JFJO + Prairie Ales

RYAN SIEV ERT

OF I DEO CHICAGO A PASSION ATE T Y POGRA PHER, PR IN T MA KER , PHOTOG RA PHER A N D OCCASIONA L F IL MMA KER

MARCH 20 // 6:30 PM LIVING ARTS OF TULSA

WWW.ARTDIRECTORSOFTULSA.ORG // ADCT IS A PROFESSIONAL ORGANIZATION FOUNDED TO FOSTER TULSA’S CREATIVE COMMUNITY. // SEASON SPONSORS: CLAMPITT PAPER, QUIKPRINT, WESTERN PRINTING AND THIS LAND THE TULSA VOICE // Feb. 19 – Mar. 4, 2014

ARTS & CULTURE // 39

artspotting

Some like it RAW

A Tulsa show toys with crowd-funding for the arts by BRITT GREENWOOD

A

n entrance corridor lined with faces generated by paint and pastel welcomed visitors to the monthly RAW artists show. Artist Timothy Brown stood at the end of the downward path, corralling visitors to the ticket gate. His artwork was displayed on pieced-together easels, 10 uniform works illuminated by mounted lights. January’s show, hosted by The Vanguard, was titled “Pixels.” Brown had traveled from his home Lawton to take part in RAW. He was dressed in a button-up shirt, and his black loafers shined. It was his first art show. RAW, operated by a California-based business, promises spectators an eclectic and local arts experience. Dozens of Tulsa artists have debuted at RAW shows since they popped up here in 2012. Each participant is expected to sell 20 event tickets—either that, or pay a fee as high as $200, depending on ticket sales. “It’s easy to get a ‘Yeah, I’ll go’ from people but to actually get them to pre-order a ticket is the tough part … but from what it sounds, RAW helps get your name out there.” said Blair Batson, a “Pixels” artist. Heidi Luerra, founder of RAW, said RAW brings in the non-gallery-goers. “If asking an artist to sell tickets for that opportunity in addition to a long list of benefits is wrong, then perhaps are so many other crowd-funding platforms,” she said. RAW artists are given an online profile, access to RAW’s online community, and a chance to compete in the International RAWards, among other benefits. 40 // ARTS & CULTURE

Models at a re cent RAW show

If asking an artist to sell tickets for that opportunity in addition to a long list of benefits is wrong, then perhaps are so many other crowdfunding platforms. –Heidi Luerra “I believe that Tulsa is rich with talent, although it would be an unassuming place to many onlookers,” Luerra said. “We think it's a really cool city with lots of amazing artists that deserve the spotlight.”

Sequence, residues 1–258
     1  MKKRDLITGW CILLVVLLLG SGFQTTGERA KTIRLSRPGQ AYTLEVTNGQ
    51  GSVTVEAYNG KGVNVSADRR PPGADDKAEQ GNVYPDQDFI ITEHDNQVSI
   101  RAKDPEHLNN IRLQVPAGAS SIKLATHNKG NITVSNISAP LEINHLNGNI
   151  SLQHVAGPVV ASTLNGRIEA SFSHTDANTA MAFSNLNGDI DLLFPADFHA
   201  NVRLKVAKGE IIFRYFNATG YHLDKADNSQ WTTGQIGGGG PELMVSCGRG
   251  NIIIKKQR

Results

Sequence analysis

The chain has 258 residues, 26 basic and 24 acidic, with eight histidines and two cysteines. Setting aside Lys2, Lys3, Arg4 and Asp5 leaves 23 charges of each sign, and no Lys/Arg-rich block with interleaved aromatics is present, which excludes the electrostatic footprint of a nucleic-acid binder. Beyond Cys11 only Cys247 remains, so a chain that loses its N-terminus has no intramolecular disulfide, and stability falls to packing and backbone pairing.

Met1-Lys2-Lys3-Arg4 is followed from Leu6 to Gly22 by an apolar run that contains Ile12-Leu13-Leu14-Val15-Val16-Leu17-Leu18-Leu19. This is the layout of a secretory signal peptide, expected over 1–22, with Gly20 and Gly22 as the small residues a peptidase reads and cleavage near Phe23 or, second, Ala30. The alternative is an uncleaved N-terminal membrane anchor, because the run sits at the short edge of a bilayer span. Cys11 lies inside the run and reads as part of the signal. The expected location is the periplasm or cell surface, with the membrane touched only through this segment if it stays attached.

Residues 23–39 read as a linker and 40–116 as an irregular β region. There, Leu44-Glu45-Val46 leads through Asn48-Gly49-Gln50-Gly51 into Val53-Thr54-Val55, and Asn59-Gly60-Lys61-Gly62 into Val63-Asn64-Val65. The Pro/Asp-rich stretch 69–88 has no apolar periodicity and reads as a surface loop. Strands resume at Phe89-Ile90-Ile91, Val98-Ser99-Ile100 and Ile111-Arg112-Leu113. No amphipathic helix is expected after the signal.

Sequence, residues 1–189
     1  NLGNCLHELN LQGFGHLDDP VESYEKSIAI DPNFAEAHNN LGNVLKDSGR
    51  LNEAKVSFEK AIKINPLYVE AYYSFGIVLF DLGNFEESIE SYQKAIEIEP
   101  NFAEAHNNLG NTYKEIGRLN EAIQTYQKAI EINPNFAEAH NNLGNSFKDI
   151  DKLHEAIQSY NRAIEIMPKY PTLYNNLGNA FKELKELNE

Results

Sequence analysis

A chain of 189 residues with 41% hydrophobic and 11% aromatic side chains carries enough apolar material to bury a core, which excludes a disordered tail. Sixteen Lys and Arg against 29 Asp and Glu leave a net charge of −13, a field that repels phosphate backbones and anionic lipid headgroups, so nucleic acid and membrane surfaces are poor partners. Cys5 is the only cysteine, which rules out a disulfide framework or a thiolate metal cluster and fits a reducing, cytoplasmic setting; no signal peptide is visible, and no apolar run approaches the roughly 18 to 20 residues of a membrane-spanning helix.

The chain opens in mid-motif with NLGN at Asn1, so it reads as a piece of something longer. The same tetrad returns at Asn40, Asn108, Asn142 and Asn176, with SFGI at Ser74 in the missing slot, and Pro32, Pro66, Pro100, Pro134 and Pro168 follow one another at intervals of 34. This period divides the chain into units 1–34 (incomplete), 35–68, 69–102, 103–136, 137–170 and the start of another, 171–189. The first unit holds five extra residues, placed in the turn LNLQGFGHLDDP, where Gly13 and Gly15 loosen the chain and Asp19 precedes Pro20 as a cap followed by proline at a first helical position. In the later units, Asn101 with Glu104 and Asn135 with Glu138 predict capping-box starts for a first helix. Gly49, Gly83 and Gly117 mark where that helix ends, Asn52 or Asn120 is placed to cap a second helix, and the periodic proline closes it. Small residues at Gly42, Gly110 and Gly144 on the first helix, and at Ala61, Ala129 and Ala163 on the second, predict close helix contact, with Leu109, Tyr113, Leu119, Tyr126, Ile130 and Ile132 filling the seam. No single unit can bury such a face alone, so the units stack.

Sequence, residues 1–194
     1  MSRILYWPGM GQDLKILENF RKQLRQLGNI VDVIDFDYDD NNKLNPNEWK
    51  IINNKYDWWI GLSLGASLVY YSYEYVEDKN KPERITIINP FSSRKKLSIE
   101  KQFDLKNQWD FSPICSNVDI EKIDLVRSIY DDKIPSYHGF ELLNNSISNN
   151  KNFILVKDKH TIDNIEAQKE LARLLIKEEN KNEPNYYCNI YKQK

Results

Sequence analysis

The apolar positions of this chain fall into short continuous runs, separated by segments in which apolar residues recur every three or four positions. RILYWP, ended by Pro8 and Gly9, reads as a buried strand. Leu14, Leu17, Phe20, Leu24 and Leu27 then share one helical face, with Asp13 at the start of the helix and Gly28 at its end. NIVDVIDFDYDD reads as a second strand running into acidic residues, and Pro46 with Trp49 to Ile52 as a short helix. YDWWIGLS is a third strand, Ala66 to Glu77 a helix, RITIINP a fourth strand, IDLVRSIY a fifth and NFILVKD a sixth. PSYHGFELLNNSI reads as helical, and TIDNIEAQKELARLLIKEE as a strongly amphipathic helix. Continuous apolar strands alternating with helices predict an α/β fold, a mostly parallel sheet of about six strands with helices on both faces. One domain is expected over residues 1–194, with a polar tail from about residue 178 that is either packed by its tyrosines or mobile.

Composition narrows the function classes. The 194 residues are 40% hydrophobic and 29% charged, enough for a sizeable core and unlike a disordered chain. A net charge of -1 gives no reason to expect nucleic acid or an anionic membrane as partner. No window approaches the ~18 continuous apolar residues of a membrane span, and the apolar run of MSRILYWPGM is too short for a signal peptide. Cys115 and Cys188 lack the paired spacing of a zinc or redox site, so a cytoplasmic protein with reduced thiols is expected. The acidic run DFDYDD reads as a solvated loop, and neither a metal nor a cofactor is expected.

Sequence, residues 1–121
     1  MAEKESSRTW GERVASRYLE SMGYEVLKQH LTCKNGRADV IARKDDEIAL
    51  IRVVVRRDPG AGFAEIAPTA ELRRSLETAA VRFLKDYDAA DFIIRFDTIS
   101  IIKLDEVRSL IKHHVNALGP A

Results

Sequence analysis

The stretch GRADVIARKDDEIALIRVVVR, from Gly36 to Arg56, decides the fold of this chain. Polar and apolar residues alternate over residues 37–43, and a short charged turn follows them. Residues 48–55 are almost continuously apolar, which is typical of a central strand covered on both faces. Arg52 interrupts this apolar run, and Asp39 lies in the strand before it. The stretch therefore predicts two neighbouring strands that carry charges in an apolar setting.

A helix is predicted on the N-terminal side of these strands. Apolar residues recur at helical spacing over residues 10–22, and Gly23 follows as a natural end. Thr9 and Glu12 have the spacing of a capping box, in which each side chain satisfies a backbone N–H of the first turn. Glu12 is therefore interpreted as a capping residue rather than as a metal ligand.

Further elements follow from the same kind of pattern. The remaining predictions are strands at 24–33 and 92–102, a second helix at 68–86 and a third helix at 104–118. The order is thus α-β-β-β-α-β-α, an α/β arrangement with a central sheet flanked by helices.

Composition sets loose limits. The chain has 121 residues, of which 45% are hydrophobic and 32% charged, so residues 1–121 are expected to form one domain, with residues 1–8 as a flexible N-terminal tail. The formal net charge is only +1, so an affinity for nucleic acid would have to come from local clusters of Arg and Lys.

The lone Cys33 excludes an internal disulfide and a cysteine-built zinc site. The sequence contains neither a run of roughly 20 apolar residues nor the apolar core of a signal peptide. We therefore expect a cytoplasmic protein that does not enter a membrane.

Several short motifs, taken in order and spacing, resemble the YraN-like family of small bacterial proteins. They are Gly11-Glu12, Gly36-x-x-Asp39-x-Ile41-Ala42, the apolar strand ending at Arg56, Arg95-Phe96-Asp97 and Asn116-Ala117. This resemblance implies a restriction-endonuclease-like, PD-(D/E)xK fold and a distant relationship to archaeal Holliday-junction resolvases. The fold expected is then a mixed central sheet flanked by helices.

Luerra claims to have done extensive research on the local arts scene and has relied on correspondence with a local director, who was replaced last year by Andrea Zikich, who is based in California. Luerra has never been to Tulsa. “Pixels” brought a dizzying amount of guests—200 in the first hour. They ranged from baby faced to retirees, who flocked to the perimeter of the venue to escape inebriated gallery-goers. Conversing with the artist, or even viewing the art, proved challenging in such a crowd. For the first hour of the show, based on the guest count they gave me, I estimated ticket revenue, based on the pre-

sold rate and door price, was likely between $3,000-4,000. Heads above the motely crowd, models with hair teased high gazed at invisible interests. On the main floor were drawings, design work, painting, and photography, all clipped to a chain-link fence. A shadowed staircase led to a second level, a gallery for yet more artists, including a display of dreadlocks from Rae Morales of Southern Dreadology. Performing artists took the stage there, on rotation between short-film showings. Make-up artist Murrell Collins had painted the models’ faces. Her work was astonishing. Four days after “Pixels,” Timothy Brown was happy with his launch at RAW. He did say, though, that he was “hoping the crowd was going to be more than just friends and family of the artists.” Coy Johnson, RAW’s 2012 visual artist of the year, thinks the exposure and networking opportunities that came as part of the show were valuable. Even so, “I don’t think it’s a venue for fine art,” he said. One of Johnson’s photorealistic oil paintings was knocked to the ground by a drunk, shattering the museum glass. He didn’t enjoy selling tickets. Price Jones, a 2013 RAW artist, said, “$200 for an art booth for a few hours in a loud, dark bar is ridiculous.” He said his sales were dismal. Price set up a booth at last year’s Blue Dome Arts Festival—a three-day event—for half the cost of his set-up at RAW. But Jesse Bell believes. A 2012 RAW show helped launch her art career, she said. “I have been busy ever since,” said the penand-ink artist. Feb. 19 – Mar. 4, 2014 // THE TULSA VOICE

MORE ART HAPPENINGS A VERY LONG NIGHT // Maria Velasco, inspired by a novel by her brother, Juan Velasco, titled “The Massacre of the Dreamers,” proposes adult-predator scenarios through the installation of drawing, digital prints, and animation. Velasco sets the scene of a childhood home with two children who have dreamlike experiences portrayed through a “cowboy and Indian” game with characters like the defiler and Buffalo Bill // through 3/27; Living Arts; 307 E. Brady; 918-585-1234

UNSCRIPTED PLAY // Resident artists Sarah McKernie and Leke Trinks redefine routine and domestic space by approaching everyday-ness with a sense of curiosity through creativity exercises, improv, and sight/sound effects. Visitors are welcome to “play” in the interactive gallery // through 3/9; Hardesty Arts Center; 101 E. Archer; 918-584-3333

g Tulsa Performin r te en C ts >> >> Ar E PAC… TH COMING TO

MARCH

INTO THE POWWOW// Award-winning writer and photographer M.J. Alexander offers photographs of NativeAmerican dancers she has encountered over the last 15 years as she documented the American West // through 2/22; TAC Gallery; 9 E. Brady; 918-592-0041